Loft mounted

Loft mounted arrivals are not generally recommended for Freeview reception, as the roof tiles and plumbing will degrade the signal. Some compensation for this loss of signal can be made by using satellite-grade cable to connect the set top box to the aerial.


The best position for a TV aerial is mounted outdoors, as high from the ground as possible, pointing directly at the transmitter. The signal can be blocked by hills and tall buildings. It should be positioned away from any other aerials.

Horizontal or vertical?

The transmitter will either use vertical mode which requires the elements of your aerial to be up-down, or horizontal mode which requires them to be level with the ground.


Both analogue and digital television is transmitted the same group of transmission frequencies (known as channel 21 through to 60). A coloured marking on the aerial shows the group.

To create the best possible analogue picture, TV transmissions from adjacent transmitters have been designated to several different groups of frequencies. By using an aerial that receives only the channels in the correct group, the analogue picture can be kept free from interference.

To receive Freeview transmissions from the same transmitter it has been sometimes necessary to use frequencies that are not part of the transmitter's normal group. When this has occurred, the aerial will need to be replaced with a "wideband" aerial (also known as group W) - one that covers every group.

As Ofcom is planning to move the TV frequencies again - perhaps as soon as 2018 - it may be wise to use a wideband aerial if you can to ensure you can keep viewing Freeview for many years to come.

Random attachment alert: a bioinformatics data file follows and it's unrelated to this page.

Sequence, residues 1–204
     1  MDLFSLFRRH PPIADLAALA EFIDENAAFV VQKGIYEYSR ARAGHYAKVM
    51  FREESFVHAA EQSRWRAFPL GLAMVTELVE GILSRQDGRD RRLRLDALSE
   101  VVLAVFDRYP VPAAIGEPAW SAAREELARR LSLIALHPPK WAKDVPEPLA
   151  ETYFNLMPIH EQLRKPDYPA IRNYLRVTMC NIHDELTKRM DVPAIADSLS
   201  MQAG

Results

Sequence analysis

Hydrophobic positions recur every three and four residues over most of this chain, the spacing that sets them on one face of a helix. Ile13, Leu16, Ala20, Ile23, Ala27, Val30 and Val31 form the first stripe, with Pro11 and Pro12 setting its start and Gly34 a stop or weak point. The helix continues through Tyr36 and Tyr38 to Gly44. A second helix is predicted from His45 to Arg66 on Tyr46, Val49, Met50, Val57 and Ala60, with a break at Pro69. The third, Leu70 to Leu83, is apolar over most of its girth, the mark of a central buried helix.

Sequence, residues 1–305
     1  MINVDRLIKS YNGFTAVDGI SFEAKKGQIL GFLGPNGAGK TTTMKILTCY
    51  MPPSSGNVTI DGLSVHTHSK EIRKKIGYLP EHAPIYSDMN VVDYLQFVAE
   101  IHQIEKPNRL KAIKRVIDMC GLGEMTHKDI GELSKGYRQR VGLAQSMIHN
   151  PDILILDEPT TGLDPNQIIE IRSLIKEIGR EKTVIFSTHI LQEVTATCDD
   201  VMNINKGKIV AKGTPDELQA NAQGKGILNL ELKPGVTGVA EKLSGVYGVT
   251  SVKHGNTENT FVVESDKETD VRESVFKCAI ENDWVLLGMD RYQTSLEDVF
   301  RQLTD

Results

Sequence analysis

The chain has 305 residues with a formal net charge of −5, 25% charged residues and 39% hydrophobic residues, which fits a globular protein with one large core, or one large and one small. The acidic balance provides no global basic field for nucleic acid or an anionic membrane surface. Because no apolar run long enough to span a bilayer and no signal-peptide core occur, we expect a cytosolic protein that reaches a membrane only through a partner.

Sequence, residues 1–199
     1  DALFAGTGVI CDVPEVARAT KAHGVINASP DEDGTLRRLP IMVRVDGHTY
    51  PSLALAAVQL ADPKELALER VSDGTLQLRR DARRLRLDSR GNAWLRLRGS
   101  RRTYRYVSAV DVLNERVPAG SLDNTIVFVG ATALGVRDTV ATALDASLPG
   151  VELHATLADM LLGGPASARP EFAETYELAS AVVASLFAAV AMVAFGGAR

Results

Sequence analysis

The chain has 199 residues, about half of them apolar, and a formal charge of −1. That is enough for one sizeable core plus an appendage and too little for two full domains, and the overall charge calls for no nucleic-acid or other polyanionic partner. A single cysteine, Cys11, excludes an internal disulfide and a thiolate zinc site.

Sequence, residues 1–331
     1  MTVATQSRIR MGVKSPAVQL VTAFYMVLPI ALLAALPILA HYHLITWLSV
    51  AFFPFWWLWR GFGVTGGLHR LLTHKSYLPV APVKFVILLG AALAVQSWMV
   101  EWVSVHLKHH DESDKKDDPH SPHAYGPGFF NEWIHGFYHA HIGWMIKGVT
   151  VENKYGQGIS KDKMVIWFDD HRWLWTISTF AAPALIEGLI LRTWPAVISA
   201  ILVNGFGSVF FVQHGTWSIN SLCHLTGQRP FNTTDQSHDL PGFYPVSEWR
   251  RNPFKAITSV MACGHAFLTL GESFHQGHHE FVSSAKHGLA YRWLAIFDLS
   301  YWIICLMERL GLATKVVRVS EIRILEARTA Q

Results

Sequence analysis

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In this section
Loft aerials1
Do I need to buy a booster?2
How to receive Freeview on your PC3
Indoor aerials4
Whole house digital TV5
Connecting it all up6

Thursday, 13 March 2014
Steve P

12:25 AM


DRY wood is a good insulator so not big deal - if a little unprofessional.

At 4 miles you may well be right about reason.

Does it work?

If so don't fix it.

If it is a powerful Tx 4 miles away you may not need an aerial at all. In London I do fine with just a fly lead connected to nothing.

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Steve P's 1,173 posts GB flag
Steve's: mapS's Freeview map terrainS's terrain plot wavesS's frequency data S's Freeview Detailed Coverage
Sunday, 25 May 2014
11:20 AM

I have just bought a house which backs directly onto woodland , the trees are 20 to 30ft or more and densly populated and overhang high over my garden fence . The previous owner had broadband Virgin media installed as he claimed that he couldnt get signals through a conventional ariel because of interference from the trees .
The house does have an areil socket and i can see a wire keading to roof but no ariel ! Other houses have ariels but arent quite located right in ' the neck of the woods " as i am.